By acknowledging the applicant early on, it will establish good employee morale as the applicant will know and see that RTD does care about its employees from the very beginning. Thereby, hopefully, retaining the employee for a good, successful career with RTD.
1. Consolidate the light rail lines to improve operations and costs as discussed in Question 1.
2. Change the HR hiring process as discussed in Question 2.
3. For non-union employees, continue the required furlough days.
4. Pay Cuts - Any RTD employee making more than $174,000 would get a pay cut — including the new GM/CEO.
5. Eliminate the newly formed “Accountability Committee” that, presently, has been allocated $200,000. This Committee is going up against RTD’s own “Reimagine RTD” committee.
6. Eliminate parking fees at all Park-N-Rides until we are back to normal. If we eliminate the parking fees, then we can eliminate the employees that scan license plates and hand out tickets. If there are no more of these employees, we can save on labor, health insurance, worker compensation claims, car insurance, gasoline, etc.
As an educator, RTD rider, and transit advocate, I have developed a lens into RTD’s strengths and needs. I believe our buses and trains have the potential to not just be “people-movers” but vehicles to greater economic equality, a healthier population, and more sustainable future for all of Denver.
As RTD Director for District A, I would champion the Reimagine process. COVID has presented a significant challenge to the agency, but concerning trends in service efficiency, ridership, and finances have been longstanding. So what RTD needs is not a piecemeal approach to service optimization but to boldly rethink what service means for the eight counties in which it operates. This requires mapping routes that will serve the most people, do so more often, and run faster than before. Redesigning the RTD network with a demand-driven approach will result in vehicles operating in areas where conditions are most favorable to transit (existing ridership, population density, and transit dependence). Frequency will increase because vehicles will be diverted from areas of lesser need, and ridership will follow because transit will become more convenient. Per-ride subsidies should also decrease because vehicles will be operating closer to capacity.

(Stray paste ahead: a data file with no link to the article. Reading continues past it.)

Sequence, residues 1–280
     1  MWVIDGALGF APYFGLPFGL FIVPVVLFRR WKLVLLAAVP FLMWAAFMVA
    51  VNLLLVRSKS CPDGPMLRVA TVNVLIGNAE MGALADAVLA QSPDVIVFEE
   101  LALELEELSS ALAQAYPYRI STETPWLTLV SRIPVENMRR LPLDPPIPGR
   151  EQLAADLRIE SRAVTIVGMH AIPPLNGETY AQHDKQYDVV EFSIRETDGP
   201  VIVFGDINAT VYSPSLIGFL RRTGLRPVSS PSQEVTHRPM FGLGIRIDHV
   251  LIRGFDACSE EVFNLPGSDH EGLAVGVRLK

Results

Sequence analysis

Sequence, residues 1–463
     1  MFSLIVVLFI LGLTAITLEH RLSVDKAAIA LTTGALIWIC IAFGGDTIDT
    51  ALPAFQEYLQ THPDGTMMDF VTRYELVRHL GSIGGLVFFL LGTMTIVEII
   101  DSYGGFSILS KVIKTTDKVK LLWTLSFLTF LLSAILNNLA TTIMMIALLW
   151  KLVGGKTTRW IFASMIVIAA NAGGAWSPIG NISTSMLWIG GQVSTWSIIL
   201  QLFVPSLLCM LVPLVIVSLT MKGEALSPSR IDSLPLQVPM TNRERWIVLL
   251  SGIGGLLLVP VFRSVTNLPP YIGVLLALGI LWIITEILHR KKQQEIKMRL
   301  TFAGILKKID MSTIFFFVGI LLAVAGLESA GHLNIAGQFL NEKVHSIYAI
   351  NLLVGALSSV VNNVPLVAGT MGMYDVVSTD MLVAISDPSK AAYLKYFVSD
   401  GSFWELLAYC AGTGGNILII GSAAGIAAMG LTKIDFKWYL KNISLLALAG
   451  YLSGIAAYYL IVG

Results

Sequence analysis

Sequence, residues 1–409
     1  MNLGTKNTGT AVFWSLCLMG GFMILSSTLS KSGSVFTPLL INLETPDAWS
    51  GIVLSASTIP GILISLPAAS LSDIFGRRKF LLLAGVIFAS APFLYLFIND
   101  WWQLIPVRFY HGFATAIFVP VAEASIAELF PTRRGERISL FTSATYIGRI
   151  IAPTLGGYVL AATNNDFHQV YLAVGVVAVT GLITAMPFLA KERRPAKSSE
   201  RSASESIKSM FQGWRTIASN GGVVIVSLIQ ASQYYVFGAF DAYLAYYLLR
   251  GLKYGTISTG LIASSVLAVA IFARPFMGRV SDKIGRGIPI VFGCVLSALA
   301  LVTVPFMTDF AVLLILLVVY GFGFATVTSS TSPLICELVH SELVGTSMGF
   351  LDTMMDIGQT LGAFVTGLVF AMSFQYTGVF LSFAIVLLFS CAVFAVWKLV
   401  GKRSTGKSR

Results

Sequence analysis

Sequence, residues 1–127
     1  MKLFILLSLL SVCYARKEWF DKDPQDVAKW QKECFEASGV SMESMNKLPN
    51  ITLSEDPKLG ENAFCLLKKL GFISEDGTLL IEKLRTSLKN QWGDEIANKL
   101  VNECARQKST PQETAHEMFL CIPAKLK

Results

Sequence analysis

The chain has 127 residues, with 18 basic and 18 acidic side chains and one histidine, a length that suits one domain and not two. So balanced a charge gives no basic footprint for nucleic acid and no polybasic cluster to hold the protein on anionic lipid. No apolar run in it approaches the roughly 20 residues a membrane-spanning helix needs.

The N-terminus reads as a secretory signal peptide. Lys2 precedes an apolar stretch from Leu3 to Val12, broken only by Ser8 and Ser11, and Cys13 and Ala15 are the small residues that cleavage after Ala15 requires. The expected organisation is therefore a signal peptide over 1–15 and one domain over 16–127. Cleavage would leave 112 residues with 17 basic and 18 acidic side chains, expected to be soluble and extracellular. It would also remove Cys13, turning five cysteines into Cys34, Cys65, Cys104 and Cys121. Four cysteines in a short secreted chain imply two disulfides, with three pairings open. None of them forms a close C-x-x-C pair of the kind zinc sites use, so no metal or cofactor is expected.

The shortage will continue to loom over RTD unless it communicates to operators that they are highly valued. First, RTD must ensure that operators are financially secure in their positions. Recently, the starting bonus for new operators was eliminated, and the agency has drafted plans to cut hundreds of positions. Attracting and keeping qualified operators necessitates a genuine financial commitment instead of treating them as an afterthought. Second, overtime procedures should be amended. Operators working additional shifts has been necessary in the past and may be again in the future, but it is more constructive to allow operators to choose rather than management mandating overtime. Third, RTD must make changes to operators’ on-board experience. Theirs is a complex, stressful job that requires a range of split-second decisions—all while contending with traffic. As such, RTD should continue to bolster its digital ticketing and hire on-board ambassadors for customer interactions.
RTD’s approach should derive from its mission to serve riders. First, RTD should adopt a four-tiered compensation reduction package for salaried employees. Those in the highest tier (above 150K) would experience more significant reductions than those in the lowest tier (70-80K). Second, RTD should suspend FISA deposits and consider using the reserves to fund service. Viable and more cost-effective alternatives to the outstanding FasTracks projects exist. Finally, RTD must improve service. Vehicle miles traveled in RTD’s service area have begun to rebound to pre-COVID levels, but transit boardings still lag because using it is less convenient and feels unsafe. To improve convenience, RTD should prioritize frequency on its most-popular routes, partner with cities to add more transit-only lanes, and amend boarding procedures to limit wait times at stops. To improve safety, RTD should practice frequent, thorough vehicle cleaning, social distancing on-board, and stringent mask enforcement.